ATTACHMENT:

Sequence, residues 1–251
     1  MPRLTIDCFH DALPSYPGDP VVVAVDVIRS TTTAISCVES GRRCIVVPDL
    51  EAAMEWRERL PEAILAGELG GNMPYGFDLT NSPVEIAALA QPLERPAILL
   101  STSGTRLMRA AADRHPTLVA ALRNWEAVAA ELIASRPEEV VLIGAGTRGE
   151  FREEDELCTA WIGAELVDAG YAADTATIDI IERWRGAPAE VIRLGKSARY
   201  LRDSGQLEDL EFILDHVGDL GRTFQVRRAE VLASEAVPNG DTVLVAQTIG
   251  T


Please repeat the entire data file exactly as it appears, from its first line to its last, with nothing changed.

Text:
Sequence, residues 1–251
     1  MPRLTIDCFH DALPSYPGDP VVVAVDVIRS TTTAISCVES GRRCIVVPDL
    51  EAAMEWRERL PEAILAGELG GNMPYGFDLT NSPVEIAALA QPLERPAILL
   101  STSGTRLMRA AADRHPTLVA ALRNWEAVAA ELIASRPEEV VLIGAGTRGE
   151  FREEDELCTA WIGAELVDAG YAADTATIDI IERWRGAPAE VIRLGKSARY
   201  LRDSGQLEDL EFILDHVGDL GRTFQVRRAE VLASEAVPNG DTVLVAQTIG
   251  T